13. D. Yarrow, “Methods for the isolation, maintenance, and identification of yeasts,” in The Yeasts, a Taxonomic Study, C. P. Kurtzman and J. W. Fell, Eds., pp. 77–100, Elsevier, Amsterdam, The Netherlands, 1998. View at Google Scholar
  14. C. P. Kurtzman and J. W. Fell, The Yeasts: A Taxonomic Study, Elsevier, Amsterdam, The Netherlands, 1998. View at Scopus
  15. D. Libkind, S. Brizzio, A. Ruffini, M. Gadanho, M. Van Broock, and J. P. Sampaio, “Molecular characterization of carotenogenic yeasts from aquatic environments in Patagonia, Argentina,” Antonie van Leeuwenhoek, vol. 84, no. 4, pp. 313–322, 2003. View at Publisher · View at Google Scholar · View at Scopus
  16. M.-A. Lachance, J. M. Bowles, W. T. Starmer, and J. S. F. Barker, “Kodamaea kakaduensis and Candida tolerans, two new ascomycetous yeast species from Australian Hibiscus flowers,” Canadian Journal of Microbiology, vol. 45, no. 2, pp. 172–177, 1999. View at Publisher · View at Google Scholar · View at Scopus
  17. N. M. da Silva, C. C. da Fantinel, V. L. S. Valente, and V. H. Valiati, “Population dynamics of the invasive species Zaprionus indianus (Gupta) (Diptera: Drosophilidae) in communities of drosophilids of Porto Alegre city, Southern of Brazil,” Neotropical Entomology, vol. 34, no. 3, pp. 363–374, 2005. View at Google Scholar · View at Scopus
  18. L. Jost, “Entropy and diversity,” Oikos, vol. 113, no. 2, pp. 363–375, 2006. View at Publisher · View at Google Scholar · View at Scopus
  19. J. A. Ludwig and J. F. Reynolds, Statistical Ecology: A Primer on Methods and Computing, John Wiley & Sons, New York, NY, USA, 1988.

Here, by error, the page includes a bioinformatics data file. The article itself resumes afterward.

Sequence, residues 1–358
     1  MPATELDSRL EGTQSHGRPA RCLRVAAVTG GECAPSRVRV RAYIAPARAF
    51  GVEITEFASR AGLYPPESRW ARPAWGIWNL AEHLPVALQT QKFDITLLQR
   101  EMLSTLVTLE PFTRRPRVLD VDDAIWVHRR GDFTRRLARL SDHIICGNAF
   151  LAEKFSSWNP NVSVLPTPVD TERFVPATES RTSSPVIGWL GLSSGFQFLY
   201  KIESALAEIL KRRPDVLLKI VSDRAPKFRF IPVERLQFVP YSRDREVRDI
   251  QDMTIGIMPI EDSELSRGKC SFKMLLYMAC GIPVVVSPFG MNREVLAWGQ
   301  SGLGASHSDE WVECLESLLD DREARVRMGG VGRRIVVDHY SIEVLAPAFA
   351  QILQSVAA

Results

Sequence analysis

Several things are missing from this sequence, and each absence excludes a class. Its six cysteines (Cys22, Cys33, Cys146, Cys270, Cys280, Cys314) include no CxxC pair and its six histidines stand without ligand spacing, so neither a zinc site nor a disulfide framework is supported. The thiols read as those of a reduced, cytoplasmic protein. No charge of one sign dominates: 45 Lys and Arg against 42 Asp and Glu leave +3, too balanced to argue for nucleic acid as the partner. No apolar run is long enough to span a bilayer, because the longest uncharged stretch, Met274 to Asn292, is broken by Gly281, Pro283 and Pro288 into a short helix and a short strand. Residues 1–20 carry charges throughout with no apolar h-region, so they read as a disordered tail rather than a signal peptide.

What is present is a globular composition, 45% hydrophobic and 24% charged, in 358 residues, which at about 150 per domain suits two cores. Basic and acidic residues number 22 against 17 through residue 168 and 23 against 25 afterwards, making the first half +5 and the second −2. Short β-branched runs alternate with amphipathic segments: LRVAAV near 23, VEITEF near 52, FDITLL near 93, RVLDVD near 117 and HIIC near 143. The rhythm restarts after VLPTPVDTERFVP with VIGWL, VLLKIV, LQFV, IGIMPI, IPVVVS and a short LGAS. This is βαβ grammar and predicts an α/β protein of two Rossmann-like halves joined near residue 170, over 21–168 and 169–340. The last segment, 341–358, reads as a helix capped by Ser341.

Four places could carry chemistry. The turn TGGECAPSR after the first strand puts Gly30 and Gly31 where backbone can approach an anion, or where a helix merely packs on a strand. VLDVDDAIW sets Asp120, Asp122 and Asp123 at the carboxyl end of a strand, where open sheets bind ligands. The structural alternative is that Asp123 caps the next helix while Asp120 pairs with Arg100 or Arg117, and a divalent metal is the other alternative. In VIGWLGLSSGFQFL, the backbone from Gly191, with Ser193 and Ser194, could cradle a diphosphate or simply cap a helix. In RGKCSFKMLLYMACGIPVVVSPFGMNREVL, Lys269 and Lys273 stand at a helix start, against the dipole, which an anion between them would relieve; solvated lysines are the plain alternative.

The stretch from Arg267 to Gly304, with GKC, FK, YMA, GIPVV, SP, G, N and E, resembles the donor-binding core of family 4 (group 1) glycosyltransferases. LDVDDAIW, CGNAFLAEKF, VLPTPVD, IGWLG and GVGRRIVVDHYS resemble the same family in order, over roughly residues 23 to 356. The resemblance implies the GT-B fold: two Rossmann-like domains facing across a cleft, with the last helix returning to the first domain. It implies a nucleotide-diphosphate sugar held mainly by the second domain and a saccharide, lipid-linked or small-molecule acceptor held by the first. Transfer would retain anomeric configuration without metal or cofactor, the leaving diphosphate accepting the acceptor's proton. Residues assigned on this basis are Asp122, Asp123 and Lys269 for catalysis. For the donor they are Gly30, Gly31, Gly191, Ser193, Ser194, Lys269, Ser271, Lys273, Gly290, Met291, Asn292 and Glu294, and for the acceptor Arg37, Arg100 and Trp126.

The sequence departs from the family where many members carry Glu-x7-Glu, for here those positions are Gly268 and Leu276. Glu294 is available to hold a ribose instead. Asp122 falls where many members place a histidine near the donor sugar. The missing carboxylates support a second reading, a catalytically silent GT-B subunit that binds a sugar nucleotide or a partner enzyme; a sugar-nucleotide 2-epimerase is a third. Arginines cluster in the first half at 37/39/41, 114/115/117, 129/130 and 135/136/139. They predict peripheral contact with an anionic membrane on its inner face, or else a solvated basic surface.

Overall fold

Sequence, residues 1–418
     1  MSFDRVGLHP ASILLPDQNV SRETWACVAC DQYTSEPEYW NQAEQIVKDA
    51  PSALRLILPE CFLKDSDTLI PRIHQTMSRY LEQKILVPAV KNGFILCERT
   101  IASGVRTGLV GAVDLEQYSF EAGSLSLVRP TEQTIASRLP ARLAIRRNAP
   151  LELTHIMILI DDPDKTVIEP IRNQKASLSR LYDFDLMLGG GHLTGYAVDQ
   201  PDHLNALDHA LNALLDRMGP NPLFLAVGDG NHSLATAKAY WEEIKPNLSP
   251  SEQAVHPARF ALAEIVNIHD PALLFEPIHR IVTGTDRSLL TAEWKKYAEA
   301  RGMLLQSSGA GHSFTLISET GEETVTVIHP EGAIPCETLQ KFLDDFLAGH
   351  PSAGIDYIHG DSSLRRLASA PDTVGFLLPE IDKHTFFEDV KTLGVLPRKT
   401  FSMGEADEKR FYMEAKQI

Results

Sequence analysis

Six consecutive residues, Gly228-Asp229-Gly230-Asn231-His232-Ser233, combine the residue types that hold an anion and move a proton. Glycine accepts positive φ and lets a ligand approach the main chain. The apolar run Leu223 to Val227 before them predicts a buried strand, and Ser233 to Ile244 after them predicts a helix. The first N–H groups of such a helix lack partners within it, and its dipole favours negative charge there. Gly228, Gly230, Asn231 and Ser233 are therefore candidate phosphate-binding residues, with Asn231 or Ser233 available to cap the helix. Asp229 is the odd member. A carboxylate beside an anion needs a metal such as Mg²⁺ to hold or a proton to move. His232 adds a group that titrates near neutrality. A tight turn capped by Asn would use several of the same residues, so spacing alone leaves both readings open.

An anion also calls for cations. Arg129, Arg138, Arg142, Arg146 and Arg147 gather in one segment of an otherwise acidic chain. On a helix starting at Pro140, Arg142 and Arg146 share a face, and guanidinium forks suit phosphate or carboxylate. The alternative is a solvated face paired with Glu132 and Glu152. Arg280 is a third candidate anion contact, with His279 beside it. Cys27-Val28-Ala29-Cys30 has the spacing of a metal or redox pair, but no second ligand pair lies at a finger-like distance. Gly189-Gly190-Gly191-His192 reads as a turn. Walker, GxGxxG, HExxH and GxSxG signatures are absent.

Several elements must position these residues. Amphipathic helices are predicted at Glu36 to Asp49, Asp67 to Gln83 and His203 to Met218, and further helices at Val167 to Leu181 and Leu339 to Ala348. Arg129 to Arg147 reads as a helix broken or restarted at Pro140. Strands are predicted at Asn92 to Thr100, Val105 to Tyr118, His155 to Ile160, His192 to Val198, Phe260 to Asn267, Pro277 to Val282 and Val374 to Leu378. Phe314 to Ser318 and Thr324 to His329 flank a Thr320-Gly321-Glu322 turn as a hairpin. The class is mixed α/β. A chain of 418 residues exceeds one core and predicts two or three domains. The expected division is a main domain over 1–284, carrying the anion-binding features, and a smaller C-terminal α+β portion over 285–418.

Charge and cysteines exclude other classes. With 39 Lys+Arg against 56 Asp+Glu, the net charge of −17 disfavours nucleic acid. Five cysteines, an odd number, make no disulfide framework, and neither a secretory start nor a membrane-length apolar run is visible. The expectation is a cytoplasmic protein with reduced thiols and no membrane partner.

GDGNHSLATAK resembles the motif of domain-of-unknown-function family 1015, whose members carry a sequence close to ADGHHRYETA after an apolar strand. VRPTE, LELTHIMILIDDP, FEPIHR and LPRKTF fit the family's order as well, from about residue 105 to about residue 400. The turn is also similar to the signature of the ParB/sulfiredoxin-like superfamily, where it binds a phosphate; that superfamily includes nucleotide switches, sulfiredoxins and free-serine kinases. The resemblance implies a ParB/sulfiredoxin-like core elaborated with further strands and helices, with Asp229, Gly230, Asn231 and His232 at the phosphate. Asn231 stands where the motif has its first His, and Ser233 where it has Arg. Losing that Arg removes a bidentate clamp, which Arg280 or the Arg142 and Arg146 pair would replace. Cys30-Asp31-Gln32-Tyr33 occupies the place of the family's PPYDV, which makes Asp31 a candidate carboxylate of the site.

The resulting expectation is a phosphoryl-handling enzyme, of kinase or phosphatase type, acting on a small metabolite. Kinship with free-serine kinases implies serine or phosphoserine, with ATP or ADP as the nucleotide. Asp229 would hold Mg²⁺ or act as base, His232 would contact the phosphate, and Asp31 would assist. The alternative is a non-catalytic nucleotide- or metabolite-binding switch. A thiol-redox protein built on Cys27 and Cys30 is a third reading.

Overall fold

20. A. Fonseca and J. Inácio, “Phyloplane yeast,” in Biodiversity and Ecophysiology of Yeasts, C. A. Rosa and G. Péter, Eds., The Yeast Handbook, pp. 263–301, Springer, Heidelberg, Germany, 2006. View at Google Scholar
  21. F. F. Tuon and S. F. Costa, “Rhodotorula infection. A systematic review of 128 cases from literature,” Revista Iberoamericana de Micologia, vol. 25, no. 3, pp. 135–140, 2008. View at Google Scholar · View at Scopus
  22. G. Péter, D. Dlauchy, R. Vasdinyei, J. Tornai-Lehoczki, and T. Deák, “Candida galli sp. nov., a new yeast from poultry,” Antonie van Leeuwenhoek, vol. 86, no. 2, pp. 105–110, 2004. View at Publisher · View at Google Scholar · View at Scopus
  23. S. A. S. Ismail, T. Deak, H. A. Abd El-Rahman, M. A. M. Yassien, and L. R. Beuchat, “Presence and changes in populations of yeasts on raw and processed poultry products stored at refrigeration temperature,” International Journal of Food Microbiology, vol. 62, no. 1-2, pp. 113–121, 2000. View at Publisher · View at Google Scholar · View at Scopus
  24. G. Salera Jr., A. Malvasio, and T. C. G. Portelinha, “Evaluation of predation in Podocnemis expansa and Podocnemis unifilis (Testudines, Podocnemididae) in the Javaés River, Tocantins,” Acta Amazonica, vol. 39, no. 1, pp. 207–214, 2009. View at Google Scholar · View at Scopus
  25. R. A. Fromtling, “Mycology,” in Manual of Clinical Microbiology, P. R. Murray, E. J. Baron, M. A. Pfaller, F. C. Tenover, and R. K. Yolken, Eds., pp. 697–877, ASM Press, Washington, DC, USA, 1995. View at Google Scholar
  26. K. C. Hazen, “New and emerging yeast pathogens,” Clinical Microbiology Reviews, vol. 8, no. 4, pp. 462–478, 1995. View at Google Scholar · View at Scopus
  27. M. A. Pfaller, R. N. Jones, S. A. Messer, M. B. Edmond, and R. P. Wenzel, “National surveillance of nosocomial blood stream infection due to species of Candida other than Candida albicans: frequency of occurrence and antifungal susceptibility in the SCOPE program,” Diagnostic Microbiology and Infectious Disease, vol. 30, no. 2, pp. 121–129, 1998. View at Publisher · View at Google Scholar
  28. E. R. Jacobson, J. L. Cheatwood, and L. K. Maxwell, “Mycotic diseases of reptiles,” Seminars in Avian and Exotic Pet Medicine, vol. 9, pp. 94–101, 2000. View at Google Scholar
  29. K. Rose, “Common diseases of urban wildlife: reptiles,” Australia Registry Wildlife Health, vol. 4, pp. 1–9, 2005. View at Google Scholar
  30. J. Schumacher, “Fungal diseases of reptiles,” Veterinary Clinics of North America: Exotic Animal Practice, vol. 6, no. 2, pp. 327–335, 2003. View at Publisher · View at Google Scholar · View at Scopus
  31. J. A. Paré, L. Sigle, K. L. Rypien, and C. C. Ribas, “Survey for the Chrysosporium anamorph of Nanizziopsis vriesii on the skin of healthy captive squamate reptiles and notes on theis cutaneous fungal mycobiota,” Journal of Herpethological Medical Surgery, vol. 13, pp. 10–15, 2003. View at Google Scholar